'Digital alchemy' to reverse-engineer new materials

In work that upends materials design, researchers have demonstrated with computer simulations that they can design a crystal and work backward to the particle shape that will self-assemble to create it.

Shaping nanoparticles for improved quantum information technology

Particles that are mere nanometers in size are at the forefront of scientific research today. They come in many different shapes: rods, spheres, cubes, vesicles, S-shaped worms and even donut-like rings. What makes them worthy ...

A new tool tidies up molecules at the nano level

Tidying up. Not an idea associated with living cells on the nanoscale. But just as a mismash of IKEA bits scattered throughout your bedroom is less useful than a neatly-assembled dresser, synthetic biologists wish to have ...

Robotic gripping mechanism mimics how sea anemones catch prey

Most robotic gripping mechanisms to date have relied on humanlike fingers or appendages, which sometimes struggle to provide the fine touch, flexibility or cost-effectiveness needed in some circumstances to hold onto objects. ...

Screw-shaped bird sperm swim faster—but it comes at a cost

A study by Ph.D. student Hanna Nyborg Støstad has investigated the peculiar spiral shape of songbird sperm. Støstad compared sperm cells of 36 bird species including house sparrows and tree swallows, and found that species ...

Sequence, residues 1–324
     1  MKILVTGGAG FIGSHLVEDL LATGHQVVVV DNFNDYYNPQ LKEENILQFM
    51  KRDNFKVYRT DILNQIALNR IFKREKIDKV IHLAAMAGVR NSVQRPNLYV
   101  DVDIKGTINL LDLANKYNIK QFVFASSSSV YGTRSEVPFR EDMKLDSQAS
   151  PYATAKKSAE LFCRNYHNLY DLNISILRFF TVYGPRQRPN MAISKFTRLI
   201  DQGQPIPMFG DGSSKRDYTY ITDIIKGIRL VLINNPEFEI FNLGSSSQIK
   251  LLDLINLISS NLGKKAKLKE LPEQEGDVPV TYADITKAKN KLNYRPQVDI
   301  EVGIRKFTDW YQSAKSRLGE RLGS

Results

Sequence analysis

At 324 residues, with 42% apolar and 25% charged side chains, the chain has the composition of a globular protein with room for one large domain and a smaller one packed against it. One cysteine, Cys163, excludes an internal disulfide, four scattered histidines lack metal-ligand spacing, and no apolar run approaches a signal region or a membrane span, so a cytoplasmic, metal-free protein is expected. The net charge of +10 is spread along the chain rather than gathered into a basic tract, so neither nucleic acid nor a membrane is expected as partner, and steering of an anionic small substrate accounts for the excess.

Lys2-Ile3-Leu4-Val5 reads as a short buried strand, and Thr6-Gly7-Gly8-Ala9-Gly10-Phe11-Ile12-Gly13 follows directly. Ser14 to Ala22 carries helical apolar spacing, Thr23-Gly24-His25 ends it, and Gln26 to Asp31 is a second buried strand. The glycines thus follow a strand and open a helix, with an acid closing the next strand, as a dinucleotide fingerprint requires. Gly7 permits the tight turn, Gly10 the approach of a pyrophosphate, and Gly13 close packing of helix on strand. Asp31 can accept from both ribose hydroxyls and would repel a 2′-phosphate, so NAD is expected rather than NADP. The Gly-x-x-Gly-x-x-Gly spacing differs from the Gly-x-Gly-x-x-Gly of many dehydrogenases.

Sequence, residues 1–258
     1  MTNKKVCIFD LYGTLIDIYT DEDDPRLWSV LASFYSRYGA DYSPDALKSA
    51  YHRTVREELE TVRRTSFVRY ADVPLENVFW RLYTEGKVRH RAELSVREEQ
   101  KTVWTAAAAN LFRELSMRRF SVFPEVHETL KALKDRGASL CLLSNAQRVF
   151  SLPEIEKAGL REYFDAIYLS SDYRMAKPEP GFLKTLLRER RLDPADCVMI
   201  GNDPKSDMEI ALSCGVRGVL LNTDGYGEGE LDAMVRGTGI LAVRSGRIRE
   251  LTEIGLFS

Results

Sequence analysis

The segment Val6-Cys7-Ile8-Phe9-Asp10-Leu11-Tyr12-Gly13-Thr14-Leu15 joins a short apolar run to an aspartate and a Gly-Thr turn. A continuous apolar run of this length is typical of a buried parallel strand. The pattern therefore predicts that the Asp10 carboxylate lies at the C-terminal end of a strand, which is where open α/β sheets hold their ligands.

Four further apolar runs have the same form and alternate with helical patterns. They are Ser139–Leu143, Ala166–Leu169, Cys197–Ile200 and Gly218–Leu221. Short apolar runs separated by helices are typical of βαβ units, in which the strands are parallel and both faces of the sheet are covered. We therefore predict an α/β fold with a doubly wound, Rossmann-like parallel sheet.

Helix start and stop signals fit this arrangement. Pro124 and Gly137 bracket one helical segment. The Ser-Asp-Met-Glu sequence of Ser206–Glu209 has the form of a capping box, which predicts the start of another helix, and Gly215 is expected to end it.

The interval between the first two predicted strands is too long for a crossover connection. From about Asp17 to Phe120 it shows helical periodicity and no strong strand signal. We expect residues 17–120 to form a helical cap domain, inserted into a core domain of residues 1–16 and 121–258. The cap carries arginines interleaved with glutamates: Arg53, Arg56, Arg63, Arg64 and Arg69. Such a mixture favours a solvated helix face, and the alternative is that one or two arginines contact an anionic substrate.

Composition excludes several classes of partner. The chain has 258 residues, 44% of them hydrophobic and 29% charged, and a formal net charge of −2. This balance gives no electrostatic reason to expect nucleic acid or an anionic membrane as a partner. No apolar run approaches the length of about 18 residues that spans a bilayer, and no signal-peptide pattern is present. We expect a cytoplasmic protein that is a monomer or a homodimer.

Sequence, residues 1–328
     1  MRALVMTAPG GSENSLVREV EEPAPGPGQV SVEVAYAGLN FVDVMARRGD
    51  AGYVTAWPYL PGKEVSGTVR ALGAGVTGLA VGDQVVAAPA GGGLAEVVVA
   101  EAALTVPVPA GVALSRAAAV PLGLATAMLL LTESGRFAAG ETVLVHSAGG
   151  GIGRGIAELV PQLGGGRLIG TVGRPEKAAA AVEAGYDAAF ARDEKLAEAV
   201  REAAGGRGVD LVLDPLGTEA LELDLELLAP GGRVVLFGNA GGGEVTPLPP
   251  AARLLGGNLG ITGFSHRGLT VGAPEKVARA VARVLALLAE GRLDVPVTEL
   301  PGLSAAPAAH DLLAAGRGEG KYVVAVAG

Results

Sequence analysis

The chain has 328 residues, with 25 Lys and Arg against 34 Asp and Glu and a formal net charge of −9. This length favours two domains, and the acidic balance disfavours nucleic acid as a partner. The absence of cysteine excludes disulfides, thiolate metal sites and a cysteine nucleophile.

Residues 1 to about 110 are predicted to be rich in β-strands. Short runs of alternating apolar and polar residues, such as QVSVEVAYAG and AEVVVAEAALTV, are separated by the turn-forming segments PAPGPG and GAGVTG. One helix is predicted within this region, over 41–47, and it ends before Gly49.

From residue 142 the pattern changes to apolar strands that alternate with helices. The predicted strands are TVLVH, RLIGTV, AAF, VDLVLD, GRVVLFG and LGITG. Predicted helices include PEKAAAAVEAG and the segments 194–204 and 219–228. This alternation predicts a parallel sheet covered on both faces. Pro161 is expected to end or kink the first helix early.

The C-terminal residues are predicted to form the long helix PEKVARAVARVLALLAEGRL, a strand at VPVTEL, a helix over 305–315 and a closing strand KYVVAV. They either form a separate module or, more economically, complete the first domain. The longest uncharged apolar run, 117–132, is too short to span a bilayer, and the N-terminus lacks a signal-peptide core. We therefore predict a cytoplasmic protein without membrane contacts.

Smart simulations chart the behavior of surprising structures

AMOLF researchers are studying three-dimensional prismatic structures that can assume different shapes with the aim of producing metamaterials that have multiple properties. Researchers have found a new way to simulate the ...

Assembly in the air: Using sound to defy gravity

Scientists at the University of Bath have levitated particles using sound in an experiment which could have applications in so-called "soft robotics" and help reveal how planets start to form.

Glowing millipede genitalia help scientists tell species apart

Sometimes, it's really easy for scientists to tell species of animals apart—they'll be obviously different shapes or colors. Other times, different species will look nearly identical to the naked eye. In those cases, scientists ...

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